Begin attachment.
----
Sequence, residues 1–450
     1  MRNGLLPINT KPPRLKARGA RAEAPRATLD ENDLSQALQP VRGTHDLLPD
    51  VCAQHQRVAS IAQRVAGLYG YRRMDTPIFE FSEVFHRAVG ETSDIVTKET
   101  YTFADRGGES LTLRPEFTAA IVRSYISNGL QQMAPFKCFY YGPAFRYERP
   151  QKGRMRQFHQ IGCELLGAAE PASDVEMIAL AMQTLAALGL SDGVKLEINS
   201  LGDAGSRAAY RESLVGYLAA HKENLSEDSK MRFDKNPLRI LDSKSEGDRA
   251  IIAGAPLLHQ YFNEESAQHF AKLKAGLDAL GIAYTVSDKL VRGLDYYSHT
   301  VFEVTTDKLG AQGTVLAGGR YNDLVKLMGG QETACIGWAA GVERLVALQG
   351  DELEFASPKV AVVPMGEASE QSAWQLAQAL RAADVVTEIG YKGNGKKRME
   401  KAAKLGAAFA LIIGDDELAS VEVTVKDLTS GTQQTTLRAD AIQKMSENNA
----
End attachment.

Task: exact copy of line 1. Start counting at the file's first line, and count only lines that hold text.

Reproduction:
Sequence, residues 1–450